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In with the GOP: Building a New Regime on Capitol Hill

The new Republican congressional majority faced a daunting challenge upon arriving in Washington late in 1994. To carry out their pledge to cut the federal government down to size, they had to pare back or wipe out the accretions of more than 60 years of liberal, distributive policy making and institution building. Recent Republican presidents, though vowing to slash taxes and snuff out federal programs, had mostly come to terms with the modern liberal state. The new Republican revolutionaries on Capitol Hill had no such intention.

They set about their mission through a tough-minded strategy of forging links with interest groups and the general public and, wherever possible, deconstructing their opponent’s political bases. As they waged war on federal aid programs, in many cases they cut of previously advantaged groups and advanced a new set of clients.

New Players, New Rules

Realizing that the established congressional committees were safe harbors for entrenched interests, the Republicans altered the operations of Congress accordingly. The most radical changes took place in the House. In naming House committee chairs—departing from seniority in four cases—Speaker-designate Newt Gingrich was, strictly speaking, acting beyond his authority. No one objected, however, and the Republican Conference readily strengthened the leadershipþs leverage over committee assignments. Chairmen were warned that their posts depended on their pledge to report out items from the Contract with America, even if they personally opposed them. Chairmenþs tenure was capped at three terms (the Speaker’s at four). Leadership staffs were augmented while committee staffs were cut.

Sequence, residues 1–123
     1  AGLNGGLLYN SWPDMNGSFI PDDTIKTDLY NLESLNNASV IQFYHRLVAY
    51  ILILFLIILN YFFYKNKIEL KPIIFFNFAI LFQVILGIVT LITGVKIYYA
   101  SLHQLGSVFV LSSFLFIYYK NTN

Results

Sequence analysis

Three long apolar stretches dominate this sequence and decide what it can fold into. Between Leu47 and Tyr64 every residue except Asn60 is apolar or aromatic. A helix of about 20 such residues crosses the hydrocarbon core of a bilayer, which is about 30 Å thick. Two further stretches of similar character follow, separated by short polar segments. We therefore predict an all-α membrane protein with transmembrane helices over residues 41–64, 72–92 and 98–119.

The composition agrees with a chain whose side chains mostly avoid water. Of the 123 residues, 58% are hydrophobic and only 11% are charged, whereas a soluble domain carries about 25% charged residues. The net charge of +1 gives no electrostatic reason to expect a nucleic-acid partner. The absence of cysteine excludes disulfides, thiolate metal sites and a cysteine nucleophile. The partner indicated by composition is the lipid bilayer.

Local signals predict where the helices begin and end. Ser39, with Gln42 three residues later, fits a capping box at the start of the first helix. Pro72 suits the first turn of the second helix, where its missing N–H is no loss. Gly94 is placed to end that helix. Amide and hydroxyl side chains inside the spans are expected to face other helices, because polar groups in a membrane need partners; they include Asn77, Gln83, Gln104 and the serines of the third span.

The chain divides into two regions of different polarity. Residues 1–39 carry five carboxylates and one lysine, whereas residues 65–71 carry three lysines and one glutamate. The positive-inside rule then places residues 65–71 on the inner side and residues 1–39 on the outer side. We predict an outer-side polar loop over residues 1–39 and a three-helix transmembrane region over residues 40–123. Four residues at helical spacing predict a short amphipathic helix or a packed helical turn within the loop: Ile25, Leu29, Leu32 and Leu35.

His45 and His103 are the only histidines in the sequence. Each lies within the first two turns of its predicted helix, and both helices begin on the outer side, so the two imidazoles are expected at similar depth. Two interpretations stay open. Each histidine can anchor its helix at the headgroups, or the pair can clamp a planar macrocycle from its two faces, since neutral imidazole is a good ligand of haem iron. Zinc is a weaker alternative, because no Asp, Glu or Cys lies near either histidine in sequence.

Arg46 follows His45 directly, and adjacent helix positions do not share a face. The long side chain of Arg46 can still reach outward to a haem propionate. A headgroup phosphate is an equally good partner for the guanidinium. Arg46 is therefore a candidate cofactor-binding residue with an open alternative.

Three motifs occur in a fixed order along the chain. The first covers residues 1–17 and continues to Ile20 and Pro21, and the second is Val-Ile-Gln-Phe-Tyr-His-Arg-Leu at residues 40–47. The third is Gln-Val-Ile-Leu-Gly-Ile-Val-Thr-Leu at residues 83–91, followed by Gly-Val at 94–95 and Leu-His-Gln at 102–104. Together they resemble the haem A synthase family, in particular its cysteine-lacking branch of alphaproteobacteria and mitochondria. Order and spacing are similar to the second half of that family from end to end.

House Republican leaders used leadership-dominated committees to shape legislation and keep the trains running on time. The Rules Committee aggressively recast legislation and selected amendments to be appended or made in order. Although technically curbing the “closed” rules Republicans so despised when they were in the minority, the GOP-controlled Rules Committee managed floor debate efficiently under special rules that are just as restrictive. To counter the tendency of standing committees to drag their feet and heed too closely their interest group clienteles, Republican leaders attached policy innovations to the time-sensitive budget reconciliation bill and entrusted action to the Budget Committee, which could act quickly as an arm of the leadership.

During the 104th Congress’s first hundred days, House committees were dragged on a forced march to complete action on the Contract with America. Often bypassing hearings or extended deliberation, they were rushed into action by the leadership to bring bills to the floor on time. At the first organizational meeting of the Government Reform and Oversight Committee, which had charge of five Contract items, Chairman William F. Clinger (R-PA) moved immediately from adopting committee rules to marking up a bill on unfunded federal mandates, on which no hearings had been held. “It was chaos,” Clinger admitted.